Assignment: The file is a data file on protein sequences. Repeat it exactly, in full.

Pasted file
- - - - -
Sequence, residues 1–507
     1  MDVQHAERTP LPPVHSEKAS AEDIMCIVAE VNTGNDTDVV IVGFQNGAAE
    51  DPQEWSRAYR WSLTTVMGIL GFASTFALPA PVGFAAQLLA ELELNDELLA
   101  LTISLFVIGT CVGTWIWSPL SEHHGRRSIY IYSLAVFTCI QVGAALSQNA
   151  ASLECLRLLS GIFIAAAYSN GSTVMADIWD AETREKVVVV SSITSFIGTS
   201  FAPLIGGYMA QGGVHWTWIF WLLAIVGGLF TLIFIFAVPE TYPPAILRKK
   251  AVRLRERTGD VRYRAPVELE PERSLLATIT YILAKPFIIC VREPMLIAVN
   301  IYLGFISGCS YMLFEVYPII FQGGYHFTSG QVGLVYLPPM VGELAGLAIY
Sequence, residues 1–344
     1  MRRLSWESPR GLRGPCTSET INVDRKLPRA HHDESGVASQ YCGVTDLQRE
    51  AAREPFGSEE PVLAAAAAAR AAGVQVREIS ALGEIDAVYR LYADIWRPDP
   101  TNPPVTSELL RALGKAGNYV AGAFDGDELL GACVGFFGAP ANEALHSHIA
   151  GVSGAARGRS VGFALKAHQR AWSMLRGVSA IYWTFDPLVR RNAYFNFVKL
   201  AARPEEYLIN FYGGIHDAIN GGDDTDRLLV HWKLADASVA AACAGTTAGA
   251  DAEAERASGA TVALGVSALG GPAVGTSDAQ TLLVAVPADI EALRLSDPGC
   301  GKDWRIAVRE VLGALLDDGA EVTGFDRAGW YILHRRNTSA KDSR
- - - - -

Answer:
Sequence, residues 1–507
     1  MDVQHAERTP LPPVHSEKAS AEDIMCIVAE VNTGNDTDVV IVGFQNGAAE
    51  DPQEWSRAYR WSLTTVMGIL GFASTFALPA PVGFAAQLLA ELELNDELLA
   101  LTISLFVIGT CVGTWIWSPL SEHHGRRSIY IYSLAVFTCI QVGAALSQNA
   151  ASLECLRLLS GIFIAAAYSN GSTVMADIWD AETREKVVVV SSITSFIGTS
   201  FAPLIGGYMA QGGVHWTWIF WLLAIVGGLF TLIFIFAVPE TYPPAILRKK
   251  AVRLRERTGD VRYRAPVELE PERSLLATIT YILAKPFIIC VREPMLIAVN
   301  IYLGFISGCS YMLFEVYPII FQGGYHFTSG QVGLVYLPPM VGELAGLAIY
Sequence, residues 1–344
     1  MRRLSWESPR GLRGPCTSET INVDRKLPRA HHDESGVASQ YCGVTDLQRE
    51  AAREPFGSEE PVLAAAAAAR AAGVQVREIS ALGEIDAVYR LYADIWRPDP
   101  TNPPVTSELL RALGKAGNYV AGAFDGDELL GACVGFFGAP ANEALHSHIA
   151  GVSGAARGRS VGFALKAHQR AWSMLRGVSA IYWTFDPLVR RNAYFNFVKL
   201  AARPEEYLIN FYGGIHDAIN GGDDTDRLLV HWKLADASVA AACAGTTAGA
   251  DAEAERASGA TVALGVSALG GPAVGTSDAQ TLLVAVPADI EALRLSDPGC
   301  GKDWRIAVRE VLGALLDDGA EVTGFDRAGW YILHRRNTSA KDSR